So, I watched her. I saw that she would lumber out of the coop in the mornings to eat and drink and scuttle about with the other chickens as if everything was hunky-dory, not at all like she was carrying what amounted to a largish softball in her chest cavity. She seemed a tad reflective. There didn’t appear to be any self-pity involved, any rancor or bitterness or the using of this trial as an excuse to treat her fellows with meanness.
Nelly has excellent character, apparently. She could be a model of surviving a difficult situation with bravery and aplomb. I needed to point her out to my children, I decided. They could learn from her. I could learn from her. (Sigh.)
I decided pretty quickly that I did, indeed, need to do something. Of course my first line of research is to call my dad. Dad is a farm boy and knows a lot about everything. I never know the difference between what topics he’s actually an expert on, and what he might just make up to satisfy me, because he always sounds so grave and intellectual.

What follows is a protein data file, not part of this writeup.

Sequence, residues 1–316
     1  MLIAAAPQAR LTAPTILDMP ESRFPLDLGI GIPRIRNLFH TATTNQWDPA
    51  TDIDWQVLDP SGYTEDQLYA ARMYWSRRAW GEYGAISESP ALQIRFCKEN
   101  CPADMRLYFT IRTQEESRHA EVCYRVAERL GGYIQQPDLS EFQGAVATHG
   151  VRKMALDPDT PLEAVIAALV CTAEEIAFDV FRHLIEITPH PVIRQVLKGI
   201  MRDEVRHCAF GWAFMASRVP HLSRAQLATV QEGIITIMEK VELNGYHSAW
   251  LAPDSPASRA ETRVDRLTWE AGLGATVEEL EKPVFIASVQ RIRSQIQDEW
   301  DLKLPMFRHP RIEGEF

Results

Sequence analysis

Here’s my dad, mid-story.
Dad is a man of many gifts with an encyclopedic memory, and I knew he’d know how to fix my Nelly. Moreover, I knew he’d be empathetic and understanding, since I’m pretty sure that I inherited my painfully tender heart where animals are concerned from him. Dialing the phone, I imagined, in a rush of affection that Dad would in all certainty rush out to cure my suffering chicken right then and there. Dad has swooped in many times over the years at times of crisis, to make everything right.
I simply knew this, indeed, would be another one of those times.
Here is Nelly herself, being held by me, myself.
“Sounds like it’s time for chicken soup!” he proclaimed happily. My hopes were dashed! I was appalled to hear him actually smacking his lips. “Coincidentally,” he added, “Mom has some fresh homemade noodles curing on the counter here. I could run some out . . .”
Well!! So much for fatherly empathy and understanding.
“Dad. It’s Nelly, not some superfluous rooster. I’m not gonna butcher her,” I countered, much as the thought of chicken and noodles, to be honest, gave me pause. Mom does make the very best noodles. They are tender, yet chewy. They plump up in the broth so nicely. (I posted that noodle recipe, by the way, right here, if you’re interested.) Oh my!